Food Safety: Grocery Store Bags

by in Food Safety, April 22, 2012
re-usable bag
Your grocery bag may be green, but is it clean?

Many folks love their eco-friendly re-usable grocery bags. But when’s the last time you washed them? A new survey found that only 15% of Americans regularly clean their totes, putting them at a higher risk for food poisoning.

The Issue
A recent survey conducted by the Home Food Safety Program found 85% of Americans aren’t washing their re-usable grocery bags. Raw foods like meat, poultry and fish carry harmful bacteria which can linger in your totes waiting to board ready-to-eat foods like produce. The risk is even higher with the spring weather setting in as bacteria love to flourish at warm temperatures. Luckily, it’s easy to keep you and your family safe from food bugs.

What You Can Do

  • Wash those bags frequently in the washing machine (if they’re cloth) or by hand with soap and hot water. Be sure they’re dry before you tuck them away.
  • Bags with a plastic coating can also be wiped down with antibacterial spray or wipes.
  • To prevent cross-contamination from juices, place meat, poultry and fish in a separate plastic bag before placing in your re-usable bag.
  • Wash your hands after unpacking grocery bags.
  • Clean any areas that come in contact with your re-usable bag like the kitchen counter or table. This will help reduce the risk of cross-contamination.
  • Don’t leave bags in the trunk of your car. Instead, store them in a clean, dry place.
  • Toss bags that are torn or ripped, especially the insulated ones.

Don’t Forget About….
It’s not only re-usable grocery bags that need a thorough cleaning. Water bottles and lunch boxes need to be cleaned regularly too. Lunch boxes should be cleaned after each use. Leftover food should be discarded, then use hot, soapy water and let air dry. To get rid of stinky odors, use baking powder or a touch of vinegar. To clean your re-usable water bottles, read the manufacturer’s instructions – some can’t go in the dishwasher and must be cleaned by hand.

TELL US: Do you wash your re-usable grocery bags?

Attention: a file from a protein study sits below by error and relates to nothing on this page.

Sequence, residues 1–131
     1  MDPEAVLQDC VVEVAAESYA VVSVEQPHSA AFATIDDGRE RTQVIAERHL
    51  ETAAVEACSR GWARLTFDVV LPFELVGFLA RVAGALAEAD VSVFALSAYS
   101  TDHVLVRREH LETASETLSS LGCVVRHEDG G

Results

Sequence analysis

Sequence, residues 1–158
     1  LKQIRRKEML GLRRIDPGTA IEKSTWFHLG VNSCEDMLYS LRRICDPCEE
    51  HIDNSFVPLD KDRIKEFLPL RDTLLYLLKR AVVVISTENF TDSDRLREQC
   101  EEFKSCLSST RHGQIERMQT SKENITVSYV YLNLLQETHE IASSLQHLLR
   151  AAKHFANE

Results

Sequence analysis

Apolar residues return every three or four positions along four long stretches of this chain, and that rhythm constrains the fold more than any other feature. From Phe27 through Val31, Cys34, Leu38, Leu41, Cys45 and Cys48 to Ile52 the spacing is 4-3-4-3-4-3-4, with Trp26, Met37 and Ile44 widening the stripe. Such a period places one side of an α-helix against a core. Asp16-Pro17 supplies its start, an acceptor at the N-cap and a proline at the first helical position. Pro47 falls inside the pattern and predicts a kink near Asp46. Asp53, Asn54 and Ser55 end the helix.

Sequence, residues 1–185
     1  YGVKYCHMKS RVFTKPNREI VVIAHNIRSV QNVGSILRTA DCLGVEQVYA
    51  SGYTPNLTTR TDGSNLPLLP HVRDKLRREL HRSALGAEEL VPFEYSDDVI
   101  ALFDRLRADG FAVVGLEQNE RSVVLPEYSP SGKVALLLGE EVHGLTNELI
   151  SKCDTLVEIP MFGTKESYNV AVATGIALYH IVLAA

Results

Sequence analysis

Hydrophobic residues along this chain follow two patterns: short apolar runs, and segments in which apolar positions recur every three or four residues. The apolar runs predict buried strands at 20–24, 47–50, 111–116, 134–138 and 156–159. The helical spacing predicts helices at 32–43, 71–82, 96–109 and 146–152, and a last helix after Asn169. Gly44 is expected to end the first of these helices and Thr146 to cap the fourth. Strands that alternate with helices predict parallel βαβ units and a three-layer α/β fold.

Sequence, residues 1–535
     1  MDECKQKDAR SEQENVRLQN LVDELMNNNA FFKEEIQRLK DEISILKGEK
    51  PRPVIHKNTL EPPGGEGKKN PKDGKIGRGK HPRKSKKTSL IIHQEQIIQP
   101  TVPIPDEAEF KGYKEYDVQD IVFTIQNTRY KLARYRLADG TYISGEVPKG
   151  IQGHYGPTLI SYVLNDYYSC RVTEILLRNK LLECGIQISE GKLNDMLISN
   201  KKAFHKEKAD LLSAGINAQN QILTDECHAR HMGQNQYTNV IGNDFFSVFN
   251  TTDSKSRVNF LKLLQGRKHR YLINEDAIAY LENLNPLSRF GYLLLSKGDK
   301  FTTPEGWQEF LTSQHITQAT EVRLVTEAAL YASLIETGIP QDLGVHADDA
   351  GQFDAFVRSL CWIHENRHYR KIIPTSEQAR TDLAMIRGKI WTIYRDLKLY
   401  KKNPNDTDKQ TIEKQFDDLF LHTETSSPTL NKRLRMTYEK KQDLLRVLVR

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Toby Amidor, MS, RD, CDN, is a registered dietitian and consultant who specializes in food safety and culinary nutrition. See Toby’s full bio »

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  1. [...] Read at source website [...]

  2. [...] original post here: Food Safety: Grocery Store Bags This entry was posted in Food Network and tagged bacteria, bag, cleaned, dry, fish, food, [...]

  3. wellmiss says:

    Don’t forget to take apart things like sippy cups to clean. When I had my daycare a child would come from home every morning with a sippy cup, the one with the springs. It appears mom never cleaned it, the poor child ended up with trench mouth. Open things up and let them air dry.

  4. [...] Design Innovation, Eco Architecture, Green Building Earth Day 2012 – The Big Picture – Boston.com Food Safety: Grocery Store Bags | Healthy Eats Meet ARPA-E, the US Government's Cleantech Incubator (Video) : TreeHugger How Planet Earth [...]

  5. @ErrantCook says:

    I absolutely wash my reusable bags. I have sturdy canvas totes for groceries and other shopping, and I launder them frequently with oxygen detergent and hot water. That's my food in there, which just cost me an average of $250 per trip! No way am I putting it in dirty bags!

  6. mom in the know says:

    bleach, bleach, bleach! And sippy cups? Dissasemble them. Every time. Valve and everything. Wash in the dishwasher or in something that will tackle bacteria and mold … bleach. As for the ones that have a nozzle — use a q-tip dipped in bleach water. Air dry. Problem solved.

    • Trish says:

      I hate the sippy cups – they are essential but sooo time consuming to clean. I have found that the dishwasher just doesn't do a good enough job. They also need to be thrown out and start fresh after a while.

  7. Slow Food says:

    We often forget to keep things clean. This is a good tip as is the importance of food safety in your kitchen

  8. Amanda says:

    Don't wash them in the washing machine! I did and they didn't come out very well, unless maybe you use a delicate cycle. I will now be washing mine by hand

  9. SusanP says:

    I definitely wash my cloth bags regularly, I use a nylon lined one for meats that I spray down with an essential oil blend of clove, lemon and rosemary. I stay away from bleach that can trigger asthma attacks and is tough on the environment. Essential oils have been studied extensively for their potency against many bacteria including Ecoli and Listeria.

  10. Jo-Ann Langlois says:

    On a side note . . . the next time you go to the grocery store, take note of the small plastic hand baskets we use when buying only a few items. The last few time I went into my neighborhood store, I noticed how filthy these baskets were . . . these can be a health hazard, too!

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